Top barrister joins convicted murderer's legal team

SIMON Hall's bid to overturn his conviction for murdering pensioner Joan Albert has received another boost, his wife said last night.

Colin Adwent

SIMON Hall's bid to overturn his conviction for murdering pensioner Joan Albert has received another boost, his wife said last night.

Michael Mansfield QC, one of Britain's most high-profile barristers, is due to represent the 32-year-old after he was granted legal aid yesterday.

It is another fillip for Hall after his case was referred to the Court of Appeal by the Criminal Cases Review Commission last month. The CCRC said its' findings after a review of the evidence raised a real possibility the former East Bergholt High School pupil's murder conviction could be quashed.


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Hall, formerly of Hill House Road, Ipswich, was found guilty of killing Mrs Albert at her Boydlands home in Capel St Mary, after a trial at Norwich Crown Court in February 2003 .

The 79-year-old was stabbed to death in December 2001. Hall has always maintained his innocence.

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Mr Mansfield has represented defendants in criminal trials, appeals and inquiries in some of the most controversial legal cases the country has seen.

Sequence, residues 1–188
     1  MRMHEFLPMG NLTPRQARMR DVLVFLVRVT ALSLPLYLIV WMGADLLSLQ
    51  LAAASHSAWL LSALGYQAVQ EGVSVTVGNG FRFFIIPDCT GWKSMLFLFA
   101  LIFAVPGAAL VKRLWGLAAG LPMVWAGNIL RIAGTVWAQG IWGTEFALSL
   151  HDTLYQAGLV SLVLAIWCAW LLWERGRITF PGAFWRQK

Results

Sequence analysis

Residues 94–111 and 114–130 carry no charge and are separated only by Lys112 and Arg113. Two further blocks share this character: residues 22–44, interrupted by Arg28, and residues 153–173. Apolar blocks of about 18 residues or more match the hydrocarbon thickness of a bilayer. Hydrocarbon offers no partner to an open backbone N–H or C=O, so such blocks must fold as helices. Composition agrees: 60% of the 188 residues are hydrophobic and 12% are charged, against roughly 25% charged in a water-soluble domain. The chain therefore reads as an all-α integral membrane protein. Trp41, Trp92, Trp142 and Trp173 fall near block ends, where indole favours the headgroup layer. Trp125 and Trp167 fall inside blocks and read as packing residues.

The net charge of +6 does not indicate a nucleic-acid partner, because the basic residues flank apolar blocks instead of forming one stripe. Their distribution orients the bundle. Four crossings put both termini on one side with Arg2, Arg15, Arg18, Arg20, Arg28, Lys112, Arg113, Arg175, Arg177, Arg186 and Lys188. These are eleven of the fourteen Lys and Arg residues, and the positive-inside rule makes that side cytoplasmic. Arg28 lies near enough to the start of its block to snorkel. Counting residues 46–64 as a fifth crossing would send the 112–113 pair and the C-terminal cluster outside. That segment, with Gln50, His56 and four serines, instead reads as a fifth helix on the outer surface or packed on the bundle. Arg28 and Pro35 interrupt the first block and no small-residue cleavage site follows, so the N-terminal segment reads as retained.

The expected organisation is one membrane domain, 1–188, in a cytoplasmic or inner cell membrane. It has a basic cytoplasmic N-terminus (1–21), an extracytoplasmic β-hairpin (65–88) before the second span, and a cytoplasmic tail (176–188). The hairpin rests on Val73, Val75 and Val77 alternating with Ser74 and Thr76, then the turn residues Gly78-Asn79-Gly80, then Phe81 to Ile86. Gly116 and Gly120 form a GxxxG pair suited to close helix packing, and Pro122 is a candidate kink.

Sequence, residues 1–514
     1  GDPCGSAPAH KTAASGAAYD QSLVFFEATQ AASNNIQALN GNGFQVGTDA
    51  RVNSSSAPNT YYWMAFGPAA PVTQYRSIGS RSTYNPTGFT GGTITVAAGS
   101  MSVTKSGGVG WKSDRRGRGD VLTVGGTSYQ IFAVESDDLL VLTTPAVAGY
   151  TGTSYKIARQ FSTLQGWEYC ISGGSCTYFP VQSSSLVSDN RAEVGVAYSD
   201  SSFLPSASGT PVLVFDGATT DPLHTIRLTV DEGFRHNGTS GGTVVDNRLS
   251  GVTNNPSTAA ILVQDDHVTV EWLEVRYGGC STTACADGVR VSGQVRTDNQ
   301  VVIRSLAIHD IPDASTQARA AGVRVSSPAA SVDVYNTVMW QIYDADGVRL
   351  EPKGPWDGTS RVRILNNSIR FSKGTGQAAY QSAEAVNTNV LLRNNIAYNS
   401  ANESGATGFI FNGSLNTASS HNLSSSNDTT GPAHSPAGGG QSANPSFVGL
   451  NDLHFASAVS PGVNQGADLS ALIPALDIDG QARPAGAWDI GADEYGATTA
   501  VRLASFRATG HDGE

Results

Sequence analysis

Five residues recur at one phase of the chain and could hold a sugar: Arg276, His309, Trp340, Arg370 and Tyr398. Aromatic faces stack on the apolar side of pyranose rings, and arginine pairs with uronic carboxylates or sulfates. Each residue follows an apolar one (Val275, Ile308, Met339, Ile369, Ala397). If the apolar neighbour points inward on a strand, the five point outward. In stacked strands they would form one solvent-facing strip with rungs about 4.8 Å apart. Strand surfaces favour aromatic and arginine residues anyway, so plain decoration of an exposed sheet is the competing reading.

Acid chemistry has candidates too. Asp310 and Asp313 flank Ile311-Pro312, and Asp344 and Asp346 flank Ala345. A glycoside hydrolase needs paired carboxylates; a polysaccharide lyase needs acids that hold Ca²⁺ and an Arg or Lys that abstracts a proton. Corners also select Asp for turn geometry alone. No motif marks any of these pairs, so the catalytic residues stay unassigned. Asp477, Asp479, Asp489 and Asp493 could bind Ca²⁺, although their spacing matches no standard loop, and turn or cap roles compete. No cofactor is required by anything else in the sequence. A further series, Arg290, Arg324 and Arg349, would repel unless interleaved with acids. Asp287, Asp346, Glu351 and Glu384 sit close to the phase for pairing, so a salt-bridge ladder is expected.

He is best known for representing Barry George, who was accused of killing TV presenter Jill Dando, and the family of Stephen Lawrence in a private prosecution for murder and a public inquiry.

He also represented the families of victims at the Bloody Sunday Inquiry, the Birmingham Six - who were released nearly sixteen years after being wrongly convicted, and Angela Cannings, the so-called cot death mother.

Hall's wife Stephanie is delighted Mr Mansfield will join Campbell Malone, the solicitor who has been fighting for her husband's release for many years.

She said: "I just think it is awesome. You can't ask for a better team of people. Campbell Malone is one of the best solicitors in this country for miscarriages of justice and I think Michael Mansfield's name says it all."

The CCRC referral of the case centres on fresh forensic analysis of fibre samples taken from the crime scene and other locations during the original police investigation.

A witness statement relating to another burglary in Capel St Mary on the night Mrs Albert was murdered, which was not used in evidence during Hall's trial, is also said to be relevant to Hall's assertion that he was not the killer.

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